Domination or Empowerment?
A Power Discourse Analysis of 1 and 2 Corinthians
Imprint: Pickwick Publications
220 Pages, 6.00 x 9.00 x 0.44 in
- Published: September 2023
$31.00 / £25.00 / AU$49.00Buy
- Published: September 2023
$31.00 / £26.99 / AU$45.99Buy
This book argues that Paul, as God's accountable steward, seeks not to dominate the Corinthians but to empower them to mature in their understanding and conduct themselves appropriately under the cruciform authority of Jesus Christ. It invites readers to revisit the merely negative notion of power in deconstructionist power discourses and reconsider the importance of good uses of power in building up a faith community.
Esther G. Cen is an assistant professor of biblical studies at Seattle Pacific University in Seattle.
“This is a fascinating study of Paul’s use of power language in his Corinthian correspondence informed by an extraordinary breadth of resources including Esther Cen’s inspiring autobiography. For students of Discourse Analysis or post-colonial exegesis generally, or for those who are spiritual leaders interested in the disposition of power within a Christian setting, Cen’s monograph is a must read.”
—Robert W. Wall, professor emeritus of Scripture and Wesleyan studies, Seattle Pacific University and Seminary
“Esther Cen is not naive about the role that power plays in society, nor is she unaware that scholarship is itself an exercise of power. She provides a description of Paul’s uses of power in 1 and 2 Corinthians that is theoretically informed and empirically grounded. When she finally offers her own evaluations of Paul, she unfolds important nuances that should give each of us pause as we each seek to arrive at our own understanding.”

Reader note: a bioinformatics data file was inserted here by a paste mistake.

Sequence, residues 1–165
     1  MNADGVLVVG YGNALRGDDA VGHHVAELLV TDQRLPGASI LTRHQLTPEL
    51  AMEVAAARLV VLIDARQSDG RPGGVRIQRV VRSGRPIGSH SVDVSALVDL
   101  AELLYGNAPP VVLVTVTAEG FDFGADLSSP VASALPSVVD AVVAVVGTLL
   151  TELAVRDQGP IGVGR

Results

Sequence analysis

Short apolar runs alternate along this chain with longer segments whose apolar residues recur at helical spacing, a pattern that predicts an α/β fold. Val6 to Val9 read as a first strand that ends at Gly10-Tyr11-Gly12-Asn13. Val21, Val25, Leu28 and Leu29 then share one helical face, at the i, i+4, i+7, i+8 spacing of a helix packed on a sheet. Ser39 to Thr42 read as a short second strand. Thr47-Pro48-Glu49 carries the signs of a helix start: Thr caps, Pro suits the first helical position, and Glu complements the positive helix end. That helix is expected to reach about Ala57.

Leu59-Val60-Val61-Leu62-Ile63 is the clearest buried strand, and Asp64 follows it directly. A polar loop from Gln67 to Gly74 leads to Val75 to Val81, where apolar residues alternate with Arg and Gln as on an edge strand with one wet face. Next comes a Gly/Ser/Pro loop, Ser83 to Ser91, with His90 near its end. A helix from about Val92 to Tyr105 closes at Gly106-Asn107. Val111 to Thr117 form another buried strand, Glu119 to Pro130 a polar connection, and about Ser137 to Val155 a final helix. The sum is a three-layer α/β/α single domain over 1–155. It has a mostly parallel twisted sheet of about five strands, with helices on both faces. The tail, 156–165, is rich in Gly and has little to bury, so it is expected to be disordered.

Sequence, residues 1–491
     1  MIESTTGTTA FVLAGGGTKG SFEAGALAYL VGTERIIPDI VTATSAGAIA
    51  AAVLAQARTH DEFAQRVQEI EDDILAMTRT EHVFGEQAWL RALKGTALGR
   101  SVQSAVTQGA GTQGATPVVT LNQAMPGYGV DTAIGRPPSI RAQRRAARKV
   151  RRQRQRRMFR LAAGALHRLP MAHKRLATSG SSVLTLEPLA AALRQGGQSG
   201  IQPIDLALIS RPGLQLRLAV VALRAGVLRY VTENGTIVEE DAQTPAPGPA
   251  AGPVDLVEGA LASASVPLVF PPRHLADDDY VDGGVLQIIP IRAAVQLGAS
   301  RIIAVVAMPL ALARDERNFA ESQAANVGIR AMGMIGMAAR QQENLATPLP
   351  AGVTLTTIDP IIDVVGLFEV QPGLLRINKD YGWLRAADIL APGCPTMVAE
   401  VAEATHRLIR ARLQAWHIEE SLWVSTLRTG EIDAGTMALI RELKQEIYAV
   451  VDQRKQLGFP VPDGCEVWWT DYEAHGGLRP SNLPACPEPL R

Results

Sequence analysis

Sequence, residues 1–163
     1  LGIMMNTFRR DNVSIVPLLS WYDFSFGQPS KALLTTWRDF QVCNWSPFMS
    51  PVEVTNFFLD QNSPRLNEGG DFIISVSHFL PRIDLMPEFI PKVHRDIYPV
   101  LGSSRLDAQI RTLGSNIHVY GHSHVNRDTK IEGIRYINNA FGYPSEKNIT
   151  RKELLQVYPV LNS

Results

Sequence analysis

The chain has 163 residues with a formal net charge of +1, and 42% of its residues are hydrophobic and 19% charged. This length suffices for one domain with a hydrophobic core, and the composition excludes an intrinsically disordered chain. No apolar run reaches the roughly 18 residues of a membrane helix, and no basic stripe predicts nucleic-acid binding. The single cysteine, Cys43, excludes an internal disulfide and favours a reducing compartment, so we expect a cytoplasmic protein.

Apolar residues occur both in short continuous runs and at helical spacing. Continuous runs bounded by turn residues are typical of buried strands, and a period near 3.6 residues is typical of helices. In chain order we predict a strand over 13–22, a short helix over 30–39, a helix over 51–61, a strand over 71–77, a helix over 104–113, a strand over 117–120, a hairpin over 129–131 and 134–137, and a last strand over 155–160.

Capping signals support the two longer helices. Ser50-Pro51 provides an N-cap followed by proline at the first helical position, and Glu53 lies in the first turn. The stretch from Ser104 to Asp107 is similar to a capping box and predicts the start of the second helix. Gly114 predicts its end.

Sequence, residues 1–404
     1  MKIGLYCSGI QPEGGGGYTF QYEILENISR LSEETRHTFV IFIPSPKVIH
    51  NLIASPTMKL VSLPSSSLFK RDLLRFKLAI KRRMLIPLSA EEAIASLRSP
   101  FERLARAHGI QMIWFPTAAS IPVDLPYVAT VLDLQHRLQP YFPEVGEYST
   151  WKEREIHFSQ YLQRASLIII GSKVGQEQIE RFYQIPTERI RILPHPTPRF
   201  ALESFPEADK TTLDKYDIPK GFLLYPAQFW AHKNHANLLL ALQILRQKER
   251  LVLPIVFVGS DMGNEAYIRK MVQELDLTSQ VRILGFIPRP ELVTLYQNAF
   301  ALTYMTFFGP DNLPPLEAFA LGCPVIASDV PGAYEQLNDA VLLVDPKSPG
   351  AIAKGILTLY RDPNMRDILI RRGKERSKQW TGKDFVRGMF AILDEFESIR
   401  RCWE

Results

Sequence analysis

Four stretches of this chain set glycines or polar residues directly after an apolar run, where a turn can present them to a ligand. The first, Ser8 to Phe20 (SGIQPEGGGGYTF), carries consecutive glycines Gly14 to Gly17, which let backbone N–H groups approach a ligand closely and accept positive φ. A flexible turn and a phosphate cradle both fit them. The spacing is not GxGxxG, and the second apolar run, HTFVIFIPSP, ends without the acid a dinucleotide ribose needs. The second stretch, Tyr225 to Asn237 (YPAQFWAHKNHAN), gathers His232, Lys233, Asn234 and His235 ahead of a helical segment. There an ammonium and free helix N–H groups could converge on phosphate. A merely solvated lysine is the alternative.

—Christopher D. Land, associate professor of New Testament and linguistics, McMaster Divinity College
“Esther Cen makes a convincing case that Paul seeks to empower the Corinthians rather than to dominate them through the development and application of a rigorous and sophisticated methodology based on socio-linguistic criteria. This book is an excellent resource for Pauline studies and for pastoral theology, and it is an invaluable demonstration of the use of methodology in biblical scholarship.”
—Cynthia Long Westfall, associate professor of New Testament, McMaster Divinity College
“Esther Cen presents a powerful socio-linguistic analysis of Paul’s discourse of authority and power, rooted in an excellent awareness of the social location of thought, ancient and contemporary. She demonstrates in a differentiated way that the Corinthian correspondence is evidence of Paul’s exercise of power through empowering leadership, making a highly relevant contribution to Pauline scholarship and its relevance for society and church today.”
—Kathy Ehrensperger, research fellow, University of Basel